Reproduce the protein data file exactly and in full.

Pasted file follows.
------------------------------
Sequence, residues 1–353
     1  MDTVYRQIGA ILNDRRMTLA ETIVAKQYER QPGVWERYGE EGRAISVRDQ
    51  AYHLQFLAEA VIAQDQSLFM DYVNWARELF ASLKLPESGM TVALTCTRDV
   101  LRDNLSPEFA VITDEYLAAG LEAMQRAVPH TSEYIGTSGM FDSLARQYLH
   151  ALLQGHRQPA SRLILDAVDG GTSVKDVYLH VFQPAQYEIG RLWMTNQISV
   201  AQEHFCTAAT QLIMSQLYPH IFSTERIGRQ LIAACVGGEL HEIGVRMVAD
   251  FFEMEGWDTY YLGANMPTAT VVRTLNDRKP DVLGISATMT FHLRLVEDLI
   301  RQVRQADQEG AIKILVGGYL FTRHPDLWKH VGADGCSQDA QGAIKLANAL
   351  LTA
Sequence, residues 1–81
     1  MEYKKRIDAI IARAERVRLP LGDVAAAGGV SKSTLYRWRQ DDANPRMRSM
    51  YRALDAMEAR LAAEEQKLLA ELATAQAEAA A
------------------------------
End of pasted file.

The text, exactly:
Sequence, residues 1–353
     1  MDTVYRQIGA ILNDRRMTLA ETIVAKQYER QPGVWERYGE EGRAISVRDQ
    51  AYHLQFLAEA VIAQDQSLFM DYVNWARELF ASLKLPESGM TVALTCTRDV
   101  LRDNLSPEFA VITDEYLAAG LEAMQRAVPH TSEYIGTSGM FDSLARQYLH
   151  ALLQGHRQPA SRLILDAVDG GTSVKDVYLH VFQPAQYEIG RLWMTNQISV
   201  AQEHFCTAAT QLIMSQLYPH IFSTERIGRQ LIAACVGGEL HEIGVRMVAD
   251  FFEMEGWDTY YLGANMPTAT VVRTLNDRKP DVLGISATMT FHLRLVEDLI
   301  RQVRQADQEG AIKILVGGYL FTRHPDLWKH VGADGCSQDA QGAIKLANAL
   351  LTA
Sequence, residues 1–81
     1  MEYKKRIDAI IARAERVRLP LGDVAAAGGV SKSTLYRWRQ DDANPRMRSM
    51  YRALDAMEAR LAAEEQKLLA ELATAQAEAA A